The Bayou 220’s engine is a 215cc, four-stroke, shaft-driven, air-cooled model. Its bore measures 2.6 inches and the stroke is 2.4 inches. It features a relatively high 9.3:1 compression ratio with fuel delivered through a Mikuni VM24SS carburetor. The electronic ignition is Kawasaki’s DC-CDI. It also features a recoil backup as a starting system. The clutch is an automatic wet multidisc model with power delivered to the wheels via a five-speed transmission, according to ATV Source.
The steel frame supports a front suspension with single A-arms and twin shock absorbers, with the rear suspension a Quad-Link system with two shocks. Front wheel travel is 4.5 inches, while the rear wheel travel measures at 4.9 inches. Front and rear brakes are drums.
The front tire size is AT21X8-9 with the rear tires measuring AT22X10-10. The ATV’s wheelbase is 43.9 inches, with an overall length of 68.7 inches. Ground clearance is 6.1 inches with the seat height measuring 28.7 inches. It weighs 403 lbs. and can tow up to 450 lbs. Its fuel tank can carry 2.6 gallons.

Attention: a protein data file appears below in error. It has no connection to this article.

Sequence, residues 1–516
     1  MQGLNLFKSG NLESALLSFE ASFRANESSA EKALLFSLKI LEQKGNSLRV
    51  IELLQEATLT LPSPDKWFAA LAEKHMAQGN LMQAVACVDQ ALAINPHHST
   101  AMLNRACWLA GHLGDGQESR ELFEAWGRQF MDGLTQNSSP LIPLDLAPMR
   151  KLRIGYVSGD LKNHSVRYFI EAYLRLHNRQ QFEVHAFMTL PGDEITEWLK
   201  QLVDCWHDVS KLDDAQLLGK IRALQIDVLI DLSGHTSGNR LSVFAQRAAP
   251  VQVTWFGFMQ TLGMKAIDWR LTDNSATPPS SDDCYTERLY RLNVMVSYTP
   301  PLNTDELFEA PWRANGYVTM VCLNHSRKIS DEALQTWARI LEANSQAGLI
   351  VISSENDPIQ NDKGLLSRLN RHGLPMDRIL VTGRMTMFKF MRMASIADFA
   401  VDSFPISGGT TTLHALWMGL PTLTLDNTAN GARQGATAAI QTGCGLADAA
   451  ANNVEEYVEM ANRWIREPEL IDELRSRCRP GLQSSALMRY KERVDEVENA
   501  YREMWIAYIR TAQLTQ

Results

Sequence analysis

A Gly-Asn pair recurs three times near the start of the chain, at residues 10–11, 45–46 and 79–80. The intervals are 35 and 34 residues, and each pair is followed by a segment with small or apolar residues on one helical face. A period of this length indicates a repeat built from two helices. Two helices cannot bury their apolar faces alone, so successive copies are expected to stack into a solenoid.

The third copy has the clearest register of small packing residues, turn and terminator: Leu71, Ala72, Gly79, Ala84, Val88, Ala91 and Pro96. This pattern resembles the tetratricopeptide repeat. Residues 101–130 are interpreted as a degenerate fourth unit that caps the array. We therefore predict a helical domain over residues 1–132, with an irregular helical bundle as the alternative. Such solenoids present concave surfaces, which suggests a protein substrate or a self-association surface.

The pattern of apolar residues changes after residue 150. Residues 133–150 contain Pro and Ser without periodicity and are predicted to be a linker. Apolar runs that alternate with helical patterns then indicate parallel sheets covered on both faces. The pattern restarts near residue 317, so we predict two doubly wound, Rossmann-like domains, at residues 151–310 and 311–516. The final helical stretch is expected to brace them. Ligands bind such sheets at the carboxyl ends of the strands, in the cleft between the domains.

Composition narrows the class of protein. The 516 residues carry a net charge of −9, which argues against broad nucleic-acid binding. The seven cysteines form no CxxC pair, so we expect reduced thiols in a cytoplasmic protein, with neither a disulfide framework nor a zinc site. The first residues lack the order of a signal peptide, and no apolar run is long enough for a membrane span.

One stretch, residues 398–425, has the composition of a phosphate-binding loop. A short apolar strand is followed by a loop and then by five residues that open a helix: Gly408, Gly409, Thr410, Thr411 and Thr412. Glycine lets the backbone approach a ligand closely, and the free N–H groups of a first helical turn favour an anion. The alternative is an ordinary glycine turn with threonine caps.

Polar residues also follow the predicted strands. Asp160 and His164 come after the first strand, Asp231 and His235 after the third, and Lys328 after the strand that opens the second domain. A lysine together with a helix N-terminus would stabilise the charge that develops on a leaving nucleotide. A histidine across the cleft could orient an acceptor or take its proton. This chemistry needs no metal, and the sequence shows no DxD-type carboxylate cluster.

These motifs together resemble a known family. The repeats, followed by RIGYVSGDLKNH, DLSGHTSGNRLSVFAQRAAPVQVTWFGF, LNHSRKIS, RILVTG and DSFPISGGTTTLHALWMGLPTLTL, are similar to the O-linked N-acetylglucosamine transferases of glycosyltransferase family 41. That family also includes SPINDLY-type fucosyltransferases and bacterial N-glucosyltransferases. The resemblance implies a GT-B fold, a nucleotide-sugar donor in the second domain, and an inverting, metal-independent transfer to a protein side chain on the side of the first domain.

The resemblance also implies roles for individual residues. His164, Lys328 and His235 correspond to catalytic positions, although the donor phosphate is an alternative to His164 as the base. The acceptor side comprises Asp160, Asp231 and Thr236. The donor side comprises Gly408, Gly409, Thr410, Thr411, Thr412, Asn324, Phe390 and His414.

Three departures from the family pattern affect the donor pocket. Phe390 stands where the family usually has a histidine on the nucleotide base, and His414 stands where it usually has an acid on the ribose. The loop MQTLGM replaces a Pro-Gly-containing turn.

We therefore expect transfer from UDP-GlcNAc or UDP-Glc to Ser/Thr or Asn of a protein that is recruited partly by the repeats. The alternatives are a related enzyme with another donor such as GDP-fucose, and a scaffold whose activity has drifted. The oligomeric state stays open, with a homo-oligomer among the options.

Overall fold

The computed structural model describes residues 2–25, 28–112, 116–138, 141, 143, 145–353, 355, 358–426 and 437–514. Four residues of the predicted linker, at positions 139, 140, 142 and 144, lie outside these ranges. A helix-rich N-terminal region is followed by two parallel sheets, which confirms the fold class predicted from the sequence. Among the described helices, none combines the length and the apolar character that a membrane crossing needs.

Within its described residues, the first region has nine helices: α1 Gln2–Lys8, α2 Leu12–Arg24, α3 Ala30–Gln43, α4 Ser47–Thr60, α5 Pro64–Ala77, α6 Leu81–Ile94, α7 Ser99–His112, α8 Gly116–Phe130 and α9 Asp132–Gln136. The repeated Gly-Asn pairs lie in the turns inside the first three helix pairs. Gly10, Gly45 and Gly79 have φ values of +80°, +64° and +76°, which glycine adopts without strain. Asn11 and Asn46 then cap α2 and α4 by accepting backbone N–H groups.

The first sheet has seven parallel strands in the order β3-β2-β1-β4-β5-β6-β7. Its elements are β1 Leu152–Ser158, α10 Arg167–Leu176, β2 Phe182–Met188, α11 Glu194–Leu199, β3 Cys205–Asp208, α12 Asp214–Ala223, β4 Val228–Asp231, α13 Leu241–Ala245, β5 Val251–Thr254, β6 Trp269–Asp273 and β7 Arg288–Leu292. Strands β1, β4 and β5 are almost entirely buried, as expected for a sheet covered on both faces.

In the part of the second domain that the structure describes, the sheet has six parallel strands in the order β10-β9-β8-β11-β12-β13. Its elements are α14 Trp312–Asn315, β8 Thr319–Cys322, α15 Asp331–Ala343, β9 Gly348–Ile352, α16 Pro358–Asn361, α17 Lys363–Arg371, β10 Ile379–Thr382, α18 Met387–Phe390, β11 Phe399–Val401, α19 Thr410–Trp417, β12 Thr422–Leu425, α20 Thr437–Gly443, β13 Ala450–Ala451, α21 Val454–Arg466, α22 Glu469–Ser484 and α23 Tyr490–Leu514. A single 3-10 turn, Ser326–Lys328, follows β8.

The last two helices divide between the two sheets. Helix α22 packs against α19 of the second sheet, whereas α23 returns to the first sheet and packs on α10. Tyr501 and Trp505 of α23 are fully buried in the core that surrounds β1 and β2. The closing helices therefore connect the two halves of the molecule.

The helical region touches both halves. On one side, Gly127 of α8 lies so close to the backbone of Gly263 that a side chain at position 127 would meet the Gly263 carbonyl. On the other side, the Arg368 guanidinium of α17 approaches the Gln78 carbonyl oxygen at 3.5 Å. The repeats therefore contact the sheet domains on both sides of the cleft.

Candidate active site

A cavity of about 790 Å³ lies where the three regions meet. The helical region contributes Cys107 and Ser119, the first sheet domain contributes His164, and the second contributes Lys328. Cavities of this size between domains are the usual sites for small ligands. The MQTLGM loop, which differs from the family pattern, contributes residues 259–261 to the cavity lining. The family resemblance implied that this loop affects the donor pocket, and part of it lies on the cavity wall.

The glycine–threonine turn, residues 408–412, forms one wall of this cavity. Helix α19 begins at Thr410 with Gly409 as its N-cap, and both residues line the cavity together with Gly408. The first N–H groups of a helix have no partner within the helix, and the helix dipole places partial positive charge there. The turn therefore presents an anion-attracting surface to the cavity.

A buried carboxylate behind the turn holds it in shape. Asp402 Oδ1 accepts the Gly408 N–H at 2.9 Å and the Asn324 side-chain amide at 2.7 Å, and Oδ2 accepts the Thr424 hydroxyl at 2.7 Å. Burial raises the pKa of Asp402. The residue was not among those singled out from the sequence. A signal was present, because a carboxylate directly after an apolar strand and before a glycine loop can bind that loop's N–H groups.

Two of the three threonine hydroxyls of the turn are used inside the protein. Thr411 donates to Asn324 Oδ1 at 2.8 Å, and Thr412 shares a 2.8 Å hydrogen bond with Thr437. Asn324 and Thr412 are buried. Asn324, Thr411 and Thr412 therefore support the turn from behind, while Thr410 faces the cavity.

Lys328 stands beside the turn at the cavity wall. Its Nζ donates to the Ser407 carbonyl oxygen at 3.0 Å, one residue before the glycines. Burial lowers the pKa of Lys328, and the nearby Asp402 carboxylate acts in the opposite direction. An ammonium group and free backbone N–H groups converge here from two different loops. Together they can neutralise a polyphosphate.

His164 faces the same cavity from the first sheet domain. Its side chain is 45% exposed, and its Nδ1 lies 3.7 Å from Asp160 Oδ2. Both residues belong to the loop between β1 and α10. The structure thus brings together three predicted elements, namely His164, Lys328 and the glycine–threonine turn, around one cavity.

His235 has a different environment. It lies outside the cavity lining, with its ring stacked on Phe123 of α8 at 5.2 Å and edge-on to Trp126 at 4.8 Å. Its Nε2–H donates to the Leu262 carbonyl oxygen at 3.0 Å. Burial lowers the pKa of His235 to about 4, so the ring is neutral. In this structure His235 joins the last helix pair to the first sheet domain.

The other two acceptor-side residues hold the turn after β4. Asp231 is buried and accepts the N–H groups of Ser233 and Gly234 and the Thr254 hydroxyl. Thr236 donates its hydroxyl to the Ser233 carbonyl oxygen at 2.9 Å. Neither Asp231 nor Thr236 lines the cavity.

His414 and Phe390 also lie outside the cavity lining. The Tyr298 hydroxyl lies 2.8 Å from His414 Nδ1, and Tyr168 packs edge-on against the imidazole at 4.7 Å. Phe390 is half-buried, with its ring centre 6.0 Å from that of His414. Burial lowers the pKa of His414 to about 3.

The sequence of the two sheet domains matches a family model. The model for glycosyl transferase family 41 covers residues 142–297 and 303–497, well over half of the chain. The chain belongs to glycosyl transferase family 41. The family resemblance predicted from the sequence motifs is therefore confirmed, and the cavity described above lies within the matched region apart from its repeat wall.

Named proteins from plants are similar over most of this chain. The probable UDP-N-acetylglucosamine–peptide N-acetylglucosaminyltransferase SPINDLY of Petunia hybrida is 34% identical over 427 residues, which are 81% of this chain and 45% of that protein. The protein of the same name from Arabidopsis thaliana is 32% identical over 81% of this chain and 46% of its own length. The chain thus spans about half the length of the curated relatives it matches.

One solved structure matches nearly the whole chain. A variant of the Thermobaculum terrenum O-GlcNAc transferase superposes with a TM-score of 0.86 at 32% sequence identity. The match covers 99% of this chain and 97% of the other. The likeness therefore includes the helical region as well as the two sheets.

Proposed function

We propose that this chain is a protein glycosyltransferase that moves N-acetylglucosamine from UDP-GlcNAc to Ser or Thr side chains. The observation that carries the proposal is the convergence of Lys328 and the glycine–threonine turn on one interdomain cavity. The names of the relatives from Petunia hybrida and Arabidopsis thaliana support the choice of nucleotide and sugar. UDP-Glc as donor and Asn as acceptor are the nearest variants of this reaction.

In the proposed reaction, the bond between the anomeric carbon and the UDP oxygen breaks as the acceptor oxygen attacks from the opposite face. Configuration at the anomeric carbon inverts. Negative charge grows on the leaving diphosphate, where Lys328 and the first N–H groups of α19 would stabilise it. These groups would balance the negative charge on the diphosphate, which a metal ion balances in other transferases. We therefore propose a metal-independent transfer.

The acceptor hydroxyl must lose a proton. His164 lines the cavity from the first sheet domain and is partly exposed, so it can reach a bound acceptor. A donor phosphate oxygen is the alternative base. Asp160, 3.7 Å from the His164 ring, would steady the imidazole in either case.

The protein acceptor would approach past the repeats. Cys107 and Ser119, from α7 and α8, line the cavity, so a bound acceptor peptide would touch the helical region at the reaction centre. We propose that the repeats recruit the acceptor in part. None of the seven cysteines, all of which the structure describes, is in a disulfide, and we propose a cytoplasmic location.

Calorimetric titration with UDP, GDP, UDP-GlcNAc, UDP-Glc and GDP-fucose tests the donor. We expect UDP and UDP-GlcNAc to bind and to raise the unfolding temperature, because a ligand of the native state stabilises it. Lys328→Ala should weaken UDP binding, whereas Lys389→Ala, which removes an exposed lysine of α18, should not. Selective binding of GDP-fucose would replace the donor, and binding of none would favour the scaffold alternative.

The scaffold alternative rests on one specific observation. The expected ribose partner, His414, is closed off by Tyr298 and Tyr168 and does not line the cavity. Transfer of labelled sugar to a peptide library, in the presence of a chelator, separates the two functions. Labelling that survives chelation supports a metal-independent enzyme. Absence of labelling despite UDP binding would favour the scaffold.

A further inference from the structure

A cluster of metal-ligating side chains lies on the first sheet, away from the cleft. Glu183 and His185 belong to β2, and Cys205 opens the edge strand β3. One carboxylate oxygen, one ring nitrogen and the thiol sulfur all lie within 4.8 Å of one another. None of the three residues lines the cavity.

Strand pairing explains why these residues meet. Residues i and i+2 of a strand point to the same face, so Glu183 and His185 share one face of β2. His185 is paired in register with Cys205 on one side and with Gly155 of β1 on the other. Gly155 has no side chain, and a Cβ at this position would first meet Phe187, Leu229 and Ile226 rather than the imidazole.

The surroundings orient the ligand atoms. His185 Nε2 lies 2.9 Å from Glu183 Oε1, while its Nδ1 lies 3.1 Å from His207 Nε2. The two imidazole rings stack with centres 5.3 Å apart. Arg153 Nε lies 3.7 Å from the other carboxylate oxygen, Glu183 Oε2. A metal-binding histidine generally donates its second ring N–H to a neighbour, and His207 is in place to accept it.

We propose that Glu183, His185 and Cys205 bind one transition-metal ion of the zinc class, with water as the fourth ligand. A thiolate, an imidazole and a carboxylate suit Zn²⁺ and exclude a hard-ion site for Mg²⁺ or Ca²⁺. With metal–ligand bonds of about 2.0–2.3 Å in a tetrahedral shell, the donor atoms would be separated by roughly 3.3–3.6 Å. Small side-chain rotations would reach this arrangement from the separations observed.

The Kawasaki Bayou 220 is not the fastest ATV on the market, but one reason the Bayou 220 has kept its price low is the lack of amenities. It features a brake light and dual headlamps with high/low beam. There is an auxiliary lighting terminal inside the front cover of the ATV and electrical accessory terminals under the seat. The instrument cluster atop the fuel tank features a fuel gauge, but not much else. There are no speedometer, odometer, hourmeter, tripmeter, high-beam indication or high-temperature light. It does have a reverse/neutral indicator light. The Bayou comes in two colors: hunter green and firecracker red.
The front A-arm, twin shock and rear Quad-Link twin-shock suspension system is not a true fully independent system, but it allows for a comfortable ride over rough terrain without employing a complex and expensive, fully independent suspension system. The ATV features front and rear steel cargo racks. The ATV is rider-friendly with a limited adjustable throttle to help novices practice their riding skills without twisting the throttle too far and losing control of the vehicle.